The graph shows the promise of dividend-investing, but Canadian Couch Potato states the reality – the case AGAINST dividends – far more eloquently than me:
Why do shareholders believe so strongly that a $1 dividend is preferable to a $1 capital gain? Meir Statman looked at this question in a 1984 article called “Explaining Investor Preference for Cash Dividends,” coauthored by Hersh Sheffrin. He also reviews the idea in his new book, What Investors Really Want, pointing out that receiving $1,000 in dividends is no different from selling $1,000 worth of stock to create a “homemade dividend.”
Even when this idea is explained to people, most refuse to accept it. Statman suggests that it comes down to a cognitive bias called mental accounting. Investors categorize $1,000 in dividends as income that they will happily spend, but the idea of selling $1,000 worth of stock is “dipping into capital,” which causes them great anxiety. This idea is deeply ingrained in many investors, but it is an illusion, because a company that pays a dividend to shareholders is depleting its own capital.
If you want to understand the arguments – both for and against – investing in so-called ‘dividend stocks’ for the sake of the dividends, you would do well to read Canadian Couch Potato’s whole blog post AND the comments … all for/against arguments are well thought out.
Here is my argument against dividends in a nutshell:
Since you can create a dividend stream yourself (“ignoring taxes and transactions costs, a stock that pays no dividend but increases in price by 6% provides precisely the same return as one whose share price rises 4% and pays a 2% dividend”), it boils down to what could the company do v what can you do with the ‘spare cash’ that the company plans to issue (or not issue) as a dividend:
1. If the company keeps the dividend:
– They could buy more inventory: if their business is a volume business, more inventory = more profits. Consumer products companies such as Kraft and Unilever are great examples.
– They could do more R&D: investing in R&D is necessary gambling on the future; often it will be money wasted (in which case it’s better off in your pocket as a dividend), but sometimes it will provide a huge payback, such as when a pharmaceutical company develops a breakthrough medication, or a venture capital firm finds the next FaceBook.
– They could invest in marketing: more marketing = more sales; pretty simply, huh? Consumer products and technology companies are classic examples; the more often they put their products in front of the consumer, the more sales they seem to get.
– They could invest in more infrastructure: more factories, more locations = more revenue and more profits. Manufacturing companies, high tech businesses, and retailers are all tied to physical infrastructure.
– They could invest the cash – Many companies (think Microsoft, Apple, the tobacco companies, and the brewers) are sitting on a ton of cash. Heck, Berkshire Hathaway is sitting on so much of it, even Warren toys from time to time with giving it back to the shareholders (i.e. by issuing a dividend); after all, if they can only get 3% while it’s sitting in the bank and you can get …? Inevitably, though, they use this cash to make a spectacular purchase that transforms the company: think Google’s $6.5 billion offer for Groupon, or Berkshire Hathaway’s $44 billion purchase of BNSF Railway.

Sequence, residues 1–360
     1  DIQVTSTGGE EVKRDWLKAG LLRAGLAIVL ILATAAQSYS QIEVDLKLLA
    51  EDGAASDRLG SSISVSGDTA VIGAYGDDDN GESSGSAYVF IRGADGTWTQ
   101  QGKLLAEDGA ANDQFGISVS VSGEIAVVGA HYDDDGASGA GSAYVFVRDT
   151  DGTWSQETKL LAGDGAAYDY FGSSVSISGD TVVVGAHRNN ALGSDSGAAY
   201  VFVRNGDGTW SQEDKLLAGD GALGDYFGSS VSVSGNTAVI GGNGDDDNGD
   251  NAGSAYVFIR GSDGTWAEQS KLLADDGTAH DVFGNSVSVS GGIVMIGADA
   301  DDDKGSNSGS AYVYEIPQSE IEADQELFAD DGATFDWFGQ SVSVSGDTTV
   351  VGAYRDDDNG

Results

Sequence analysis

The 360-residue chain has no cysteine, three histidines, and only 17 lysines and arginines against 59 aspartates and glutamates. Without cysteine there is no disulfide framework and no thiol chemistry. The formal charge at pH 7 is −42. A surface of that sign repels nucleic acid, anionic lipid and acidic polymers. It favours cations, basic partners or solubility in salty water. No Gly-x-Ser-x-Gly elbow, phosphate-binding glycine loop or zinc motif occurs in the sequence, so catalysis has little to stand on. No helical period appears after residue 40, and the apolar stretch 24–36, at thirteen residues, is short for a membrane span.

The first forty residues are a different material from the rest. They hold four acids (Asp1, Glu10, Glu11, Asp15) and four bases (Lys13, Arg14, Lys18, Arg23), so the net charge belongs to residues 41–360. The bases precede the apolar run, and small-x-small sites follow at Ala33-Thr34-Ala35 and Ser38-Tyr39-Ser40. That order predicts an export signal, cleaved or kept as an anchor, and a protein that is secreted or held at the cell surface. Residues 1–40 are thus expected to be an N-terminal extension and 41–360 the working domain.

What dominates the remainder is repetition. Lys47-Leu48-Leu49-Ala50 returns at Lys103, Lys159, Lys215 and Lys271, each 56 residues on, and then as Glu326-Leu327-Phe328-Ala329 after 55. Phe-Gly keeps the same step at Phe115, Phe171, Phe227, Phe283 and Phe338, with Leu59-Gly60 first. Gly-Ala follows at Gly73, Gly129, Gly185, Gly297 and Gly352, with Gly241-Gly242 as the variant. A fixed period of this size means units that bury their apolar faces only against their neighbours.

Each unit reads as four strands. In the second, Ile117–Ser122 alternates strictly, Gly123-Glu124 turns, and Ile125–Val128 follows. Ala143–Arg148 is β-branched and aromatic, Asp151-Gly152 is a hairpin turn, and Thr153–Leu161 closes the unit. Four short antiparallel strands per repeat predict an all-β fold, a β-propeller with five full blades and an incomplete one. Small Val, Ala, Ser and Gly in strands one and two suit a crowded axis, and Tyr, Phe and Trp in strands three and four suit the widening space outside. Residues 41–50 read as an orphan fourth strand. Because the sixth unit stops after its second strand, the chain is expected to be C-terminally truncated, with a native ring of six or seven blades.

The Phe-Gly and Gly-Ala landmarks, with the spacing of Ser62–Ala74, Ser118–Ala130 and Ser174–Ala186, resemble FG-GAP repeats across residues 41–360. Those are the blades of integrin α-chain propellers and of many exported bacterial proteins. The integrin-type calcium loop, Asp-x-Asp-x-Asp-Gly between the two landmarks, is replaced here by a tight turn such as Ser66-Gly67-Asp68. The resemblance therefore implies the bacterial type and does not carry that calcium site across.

2. If you take the dividend:
– You could buy more stock in the same company: this is the basis of the automatic ‘dividend reinvestment policy’ that most companies now offer. So, let me see … you invest in company ABC because it issues a dividend, and you use it to, what? Oh, buy more stock in company ABC?!
– You could buy more stock in another company: why invest in another company? Oh, because it provides a better return. So, why not pull ALL of your money from the worse-performing dividend paying stock, and put it all in this company?
– You could buy more stock in a bunch of companies: diversification is often seen as a good thing [AJC: by many reading “how I became rich” blogs; rarely by those writing them]. The more you diversify, the more you tend towards average market returns. Why would you want to take your cash out of a company that produces spectacular returns [AJC: that’s why you invested in the ‘dividend stock’ in the first place, isn’t it?!] in order to put your money into something that produces average returns?
– You could keep your cash in the bank: strangely enough, this one makes sense; if the company can’t do anything better with their ‘spare cash’ than give it to you, wouldn’t you rather have it sitting in your bank account rather than theirs, so that you can at least have the flexibility to make the decision what to do next, eg leave it in the bank, buy some index funds, pay down debt, or even buy back into the company stock when they get out of the ‘sit on a ton of cash with no vision for the future’ doldrums.
… but, if any of these things are better than leaving the money in the company, wouldn’t you be better off taking all of your money out of the company all in one go (i.e. sell the stock) rather than in dribs and drabs (i.e. taking small dividends)?
Let me finish off with a story:
Warren Buffett got started by purchasing a textile company and immediately canceling it’s dividends!
So that he would have more money to invest in growing the company.
Potential investors who wanted dividends invested elsewhere … those who didn’t invested in Berkshire Hathaway and became multi-millionaires!
Berkshire Hathaway still operates on the same principle: why pull money out of BH when Warren can grow your money faster?!